"We know that in older populations it may be too late to prevent Afib, so these interventions should start in younger adults," he said, adding that his research team plans to study the cost impact of such interventions.
So, interventions early for afib could not only reduce stroke risk, but reduce costs, which eventually benefits everyone. This research bears watching.

Thursday, April 09, 2015

One more connection between heart and stroke

You see a lot of news about atrial fibrillation stroke risk. And my own stroke was ascribed to a hole in my heart combined with a divot along the atrial wall.

Now, one more connection, how a study findings suggest that a pouch in the heart may trigger unexplained strokes:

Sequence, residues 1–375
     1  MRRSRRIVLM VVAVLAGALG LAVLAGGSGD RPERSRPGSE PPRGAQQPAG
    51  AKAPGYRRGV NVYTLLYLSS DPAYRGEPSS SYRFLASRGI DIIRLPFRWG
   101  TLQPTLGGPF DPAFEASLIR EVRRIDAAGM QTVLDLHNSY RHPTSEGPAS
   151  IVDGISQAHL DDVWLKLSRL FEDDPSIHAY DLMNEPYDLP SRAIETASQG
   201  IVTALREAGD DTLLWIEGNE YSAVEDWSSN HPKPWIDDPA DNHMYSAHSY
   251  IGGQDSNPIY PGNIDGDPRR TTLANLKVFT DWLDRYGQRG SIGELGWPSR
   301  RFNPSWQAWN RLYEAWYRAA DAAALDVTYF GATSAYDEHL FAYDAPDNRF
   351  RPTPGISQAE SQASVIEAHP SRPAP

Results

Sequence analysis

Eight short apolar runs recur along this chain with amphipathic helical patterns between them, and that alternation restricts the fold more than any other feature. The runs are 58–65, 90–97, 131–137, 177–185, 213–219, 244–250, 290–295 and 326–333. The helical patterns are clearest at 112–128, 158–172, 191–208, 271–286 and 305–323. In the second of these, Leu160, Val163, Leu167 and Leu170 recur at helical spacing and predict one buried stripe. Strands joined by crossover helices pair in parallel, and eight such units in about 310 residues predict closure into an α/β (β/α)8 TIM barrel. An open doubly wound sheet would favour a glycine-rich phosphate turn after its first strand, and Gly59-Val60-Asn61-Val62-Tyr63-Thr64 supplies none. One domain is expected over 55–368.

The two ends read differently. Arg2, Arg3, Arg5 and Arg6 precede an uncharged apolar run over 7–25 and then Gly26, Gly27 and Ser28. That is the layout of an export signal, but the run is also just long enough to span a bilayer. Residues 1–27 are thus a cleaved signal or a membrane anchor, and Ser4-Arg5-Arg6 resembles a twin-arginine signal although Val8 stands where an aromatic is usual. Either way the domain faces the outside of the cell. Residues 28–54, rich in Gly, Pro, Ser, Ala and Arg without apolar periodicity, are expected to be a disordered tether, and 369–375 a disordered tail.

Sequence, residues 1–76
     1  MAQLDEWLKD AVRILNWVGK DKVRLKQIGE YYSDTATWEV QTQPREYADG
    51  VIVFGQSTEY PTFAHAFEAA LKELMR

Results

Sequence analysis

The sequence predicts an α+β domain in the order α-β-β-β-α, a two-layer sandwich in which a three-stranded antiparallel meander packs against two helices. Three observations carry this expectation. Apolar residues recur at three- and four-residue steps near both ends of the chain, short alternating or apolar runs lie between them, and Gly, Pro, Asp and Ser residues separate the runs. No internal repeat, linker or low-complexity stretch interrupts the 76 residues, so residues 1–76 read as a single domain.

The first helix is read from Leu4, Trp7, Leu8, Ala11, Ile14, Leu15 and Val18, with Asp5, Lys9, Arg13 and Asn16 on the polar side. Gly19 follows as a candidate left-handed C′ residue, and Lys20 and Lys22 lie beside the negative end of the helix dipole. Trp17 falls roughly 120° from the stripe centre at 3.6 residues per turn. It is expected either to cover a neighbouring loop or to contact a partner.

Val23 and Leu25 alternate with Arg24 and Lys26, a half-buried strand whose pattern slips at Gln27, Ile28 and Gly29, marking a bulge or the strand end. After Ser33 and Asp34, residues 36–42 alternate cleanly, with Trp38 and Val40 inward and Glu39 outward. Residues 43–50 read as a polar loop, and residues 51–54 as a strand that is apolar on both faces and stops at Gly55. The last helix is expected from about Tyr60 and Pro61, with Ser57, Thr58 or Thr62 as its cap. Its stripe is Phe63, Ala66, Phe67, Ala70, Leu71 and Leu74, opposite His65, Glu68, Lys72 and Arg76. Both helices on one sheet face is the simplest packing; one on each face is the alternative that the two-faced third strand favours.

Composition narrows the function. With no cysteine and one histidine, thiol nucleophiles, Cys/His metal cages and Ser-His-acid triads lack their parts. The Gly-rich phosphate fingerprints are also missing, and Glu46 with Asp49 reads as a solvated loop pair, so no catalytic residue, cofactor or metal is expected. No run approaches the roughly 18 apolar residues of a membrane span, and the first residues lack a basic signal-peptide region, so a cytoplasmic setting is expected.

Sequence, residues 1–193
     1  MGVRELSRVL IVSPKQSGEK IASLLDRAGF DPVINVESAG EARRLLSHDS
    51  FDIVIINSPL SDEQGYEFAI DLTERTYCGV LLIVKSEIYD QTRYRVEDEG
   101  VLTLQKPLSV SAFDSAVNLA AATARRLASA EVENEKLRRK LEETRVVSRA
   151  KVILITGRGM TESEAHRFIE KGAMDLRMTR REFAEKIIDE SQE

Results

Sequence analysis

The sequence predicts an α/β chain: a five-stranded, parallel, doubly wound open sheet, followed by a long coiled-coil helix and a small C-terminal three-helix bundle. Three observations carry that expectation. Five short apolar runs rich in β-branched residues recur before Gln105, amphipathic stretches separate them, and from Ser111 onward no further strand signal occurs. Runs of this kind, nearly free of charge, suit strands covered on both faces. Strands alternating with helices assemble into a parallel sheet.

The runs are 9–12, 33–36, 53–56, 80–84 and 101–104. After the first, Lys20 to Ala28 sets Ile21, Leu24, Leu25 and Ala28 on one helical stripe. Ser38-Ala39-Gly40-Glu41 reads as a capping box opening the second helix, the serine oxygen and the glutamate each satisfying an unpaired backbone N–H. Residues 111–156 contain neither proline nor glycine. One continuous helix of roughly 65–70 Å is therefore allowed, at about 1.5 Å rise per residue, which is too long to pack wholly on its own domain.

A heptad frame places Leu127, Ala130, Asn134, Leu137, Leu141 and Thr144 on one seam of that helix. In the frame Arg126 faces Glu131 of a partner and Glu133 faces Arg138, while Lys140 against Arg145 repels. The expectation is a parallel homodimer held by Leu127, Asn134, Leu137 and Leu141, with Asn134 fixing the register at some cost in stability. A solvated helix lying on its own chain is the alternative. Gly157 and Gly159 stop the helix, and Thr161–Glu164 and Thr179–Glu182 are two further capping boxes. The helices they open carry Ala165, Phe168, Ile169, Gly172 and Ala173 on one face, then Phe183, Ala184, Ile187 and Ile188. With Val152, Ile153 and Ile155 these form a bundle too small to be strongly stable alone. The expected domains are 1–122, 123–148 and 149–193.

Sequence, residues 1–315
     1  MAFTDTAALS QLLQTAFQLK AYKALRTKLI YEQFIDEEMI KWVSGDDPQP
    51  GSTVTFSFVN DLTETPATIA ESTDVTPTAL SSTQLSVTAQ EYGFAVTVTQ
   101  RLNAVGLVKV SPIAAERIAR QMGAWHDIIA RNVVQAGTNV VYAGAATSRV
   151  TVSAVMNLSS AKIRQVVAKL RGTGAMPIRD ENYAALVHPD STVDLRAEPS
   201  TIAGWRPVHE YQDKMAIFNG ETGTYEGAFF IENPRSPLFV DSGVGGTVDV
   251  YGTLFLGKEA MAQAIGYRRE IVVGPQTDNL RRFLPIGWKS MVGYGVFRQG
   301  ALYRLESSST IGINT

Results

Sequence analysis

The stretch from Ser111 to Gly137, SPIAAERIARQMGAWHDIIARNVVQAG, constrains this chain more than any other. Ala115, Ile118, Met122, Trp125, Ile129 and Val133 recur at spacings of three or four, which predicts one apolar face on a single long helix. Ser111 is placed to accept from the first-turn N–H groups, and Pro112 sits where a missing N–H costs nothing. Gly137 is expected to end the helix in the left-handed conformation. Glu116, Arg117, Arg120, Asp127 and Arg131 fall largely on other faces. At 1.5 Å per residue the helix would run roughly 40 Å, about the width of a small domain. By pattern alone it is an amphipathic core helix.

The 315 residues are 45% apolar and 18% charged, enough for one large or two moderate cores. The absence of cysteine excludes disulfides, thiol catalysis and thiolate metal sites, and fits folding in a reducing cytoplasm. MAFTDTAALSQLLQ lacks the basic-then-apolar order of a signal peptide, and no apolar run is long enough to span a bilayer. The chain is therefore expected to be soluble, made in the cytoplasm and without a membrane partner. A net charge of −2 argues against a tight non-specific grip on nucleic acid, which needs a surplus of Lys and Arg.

A pouch-like structure in the heart may be the source of some strokes that have no other known cause, a new study suggests.
This pouch in the heart's left atrial chamber -- called a left atrial septal pouch -- was first discovered in 2010 by cardiologists at the University of California, Irvine.
"The cul-de-sac nature of this heart pouch may promote stagnation of the blood, forming clots that can travel into the brain and cause a stroke," Dr. Mark Fisher, a professor of neurology and pathology and laboratory medicine, said in a UC Irvine news release.
Heart health and stroke risk - pay attentio
n to both.

Tuesday, April 07, 2015

Is something right happening in health care?

Something right might be happening.

In catching up on stroke-related news of late, I was reminded about a story showing that emergency departments are seeing fewer strokes and TIAs: